"So class," he added mockingly, "What did we learn today?"

The creature in the shattered mask shrugged, "That you have a knack for editing? It was a rather skillful way you added in credits."

"You liked that," the man blushed, "oh, I thought it was a little much, so thank you. But no, that's not what you were supposed to learn."

"Then what! Why won't you just tell me already!" The creature screeched.

"My word, were you always this stupid, or are you just too delirious to see the point?" Suddenly, the man was right in front of her, "you never stood a fucking chance in stopping me, why? Because you were trying to stop a war that was inevitable in the first place? Maybe. But also because the plan you put in place for had one fundamental flaw."

"The couple, I know, but there's no way you could've known for..." she groaned, and then a light flicked on behind her eyes, "No."

The man grinned again, "Now she gets it."


"Oh really? Is it so hard to believe that in the vast majority of universes, these two wound up together? Be it on, say, a futuristic warzone:" he waved his hand again, and a pair of human-like ghosts in opposing uniforms and wielding assault rifles danced around one another in tighter and tighter circles before finally coming together in the middle of the room, their masks dropping to the ground in a lovers' embrace. She managed to catch a cat-like glint in the woman's eye before the man waved them away and continued: "Or on the dance floor," and suddenly the tiger-girl was there, sitting at a bar in a wonderfully revealing outfit. After some time had passed a certain white tiger-man, his blue hair teased up into one of those godawful spiky hairstyles, strode up beside her and struck up a conversation, "I have seen these two meet in the most of impossible of situations. The medieval plane on which we now play is the norm, not the exception."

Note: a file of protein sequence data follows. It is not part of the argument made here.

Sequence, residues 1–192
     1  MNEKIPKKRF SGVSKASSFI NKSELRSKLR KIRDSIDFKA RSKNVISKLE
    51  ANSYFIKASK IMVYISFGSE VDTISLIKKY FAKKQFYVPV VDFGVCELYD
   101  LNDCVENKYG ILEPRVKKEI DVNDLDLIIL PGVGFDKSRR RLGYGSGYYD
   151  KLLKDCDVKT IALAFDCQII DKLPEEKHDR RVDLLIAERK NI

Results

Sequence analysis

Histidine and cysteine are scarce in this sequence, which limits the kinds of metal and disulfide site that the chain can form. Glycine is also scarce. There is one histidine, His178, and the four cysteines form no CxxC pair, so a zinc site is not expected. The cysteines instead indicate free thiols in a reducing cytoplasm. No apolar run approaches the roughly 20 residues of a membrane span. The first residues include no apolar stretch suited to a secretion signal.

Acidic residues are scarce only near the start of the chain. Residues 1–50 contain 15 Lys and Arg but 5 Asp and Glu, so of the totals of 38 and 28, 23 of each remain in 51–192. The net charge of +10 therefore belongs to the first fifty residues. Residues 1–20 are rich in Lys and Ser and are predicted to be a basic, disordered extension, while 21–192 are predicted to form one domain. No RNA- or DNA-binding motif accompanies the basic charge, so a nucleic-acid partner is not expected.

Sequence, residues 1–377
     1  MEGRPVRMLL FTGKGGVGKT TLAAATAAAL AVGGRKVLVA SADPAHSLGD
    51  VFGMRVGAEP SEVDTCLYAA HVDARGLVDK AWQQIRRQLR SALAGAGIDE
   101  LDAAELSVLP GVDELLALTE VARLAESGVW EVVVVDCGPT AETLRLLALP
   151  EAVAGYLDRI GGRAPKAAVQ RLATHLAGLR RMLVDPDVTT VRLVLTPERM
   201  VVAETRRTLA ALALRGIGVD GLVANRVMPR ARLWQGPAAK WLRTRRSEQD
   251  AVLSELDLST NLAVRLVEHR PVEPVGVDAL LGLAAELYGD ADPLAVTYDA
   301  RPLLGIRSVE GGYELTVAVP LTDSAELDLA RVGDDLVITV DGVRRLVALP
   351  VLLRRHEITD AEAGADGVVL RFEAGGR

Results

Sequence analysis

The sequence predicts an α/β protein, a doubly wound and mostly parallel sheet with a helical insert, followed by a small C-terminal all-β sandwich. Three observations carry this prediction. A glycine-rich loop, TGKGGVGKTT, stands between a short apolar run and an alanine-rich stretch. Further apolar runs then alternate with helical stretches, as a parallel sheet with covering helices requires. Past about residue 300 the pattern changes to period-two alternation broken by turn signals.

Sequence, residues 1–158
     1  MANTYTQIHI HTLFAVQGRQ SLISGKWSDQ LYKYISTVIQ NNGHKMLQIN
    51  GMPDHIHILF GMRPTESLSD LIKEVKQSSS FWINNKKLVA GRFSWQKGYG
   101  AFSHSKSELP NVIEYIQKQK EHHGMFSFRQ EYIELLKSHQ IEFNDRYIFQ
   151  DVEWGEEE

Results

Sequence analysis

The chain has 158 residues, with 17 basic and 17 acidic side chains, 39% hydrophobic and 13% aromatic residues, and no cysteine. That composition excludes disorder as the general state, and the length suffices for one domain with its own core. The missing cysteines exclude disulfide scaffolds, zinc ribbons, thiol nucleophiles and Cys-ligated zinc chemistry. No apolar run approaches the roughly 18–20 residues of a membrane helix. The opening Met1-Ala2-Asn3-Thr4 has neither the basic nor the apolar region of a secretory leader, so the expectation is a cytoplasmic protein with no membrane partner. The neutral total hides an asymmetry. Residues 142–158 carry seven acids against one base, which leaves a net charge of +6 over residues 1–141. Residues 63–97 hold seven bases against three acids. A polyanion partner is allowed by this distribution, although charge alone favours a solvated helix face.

"B-but," the creature stammered, "in order to jump across so many 'verses to gather all this data, you would have to travel across dozens of realities and consume huge amounts of energy! Not to mention the time it would take to…"

The man smiled wickedly at her, "Do you remember last fall when I took that vacation for "emotional reasons"?"

Her non-existent eyes widened, "No way."

"Yes way."

"Y-you knew about my plans for that long?"

"My dearest Ephemural, this game is not just about being one move ahead, but twenty. You just have to deal with the fact that I was ahead of you from the very beginning. You have been outmatched, outwitted, outdone, and now," he snickered, pulling a great, dark cloak about himself, "you're about to be outlasted. So if you'll excuse me, we've a meeting to attend. I would like you to be there: I'd love the chance to gloat some more."

And just like that, the creature was alone in the room. She reached up in shock, touching the rapidly decaying features of her once-proud mask. He was right. He was better than her! He had been the player, and she had been the willing pawn. And now, she was about to be kicked out of the game. Permanently.


No, she had blocked that race for a reason. They were simply too powerful, too unpredictable. If allowed into existence, they could become a threat to rival the very power of the gods themselves! But then, what was the alternative? Simply slipping into darkness?

On shaking legs, the creature pushed herself to her feet and limped into the observation room. She knew what she had to do.

God forgive her for doing it.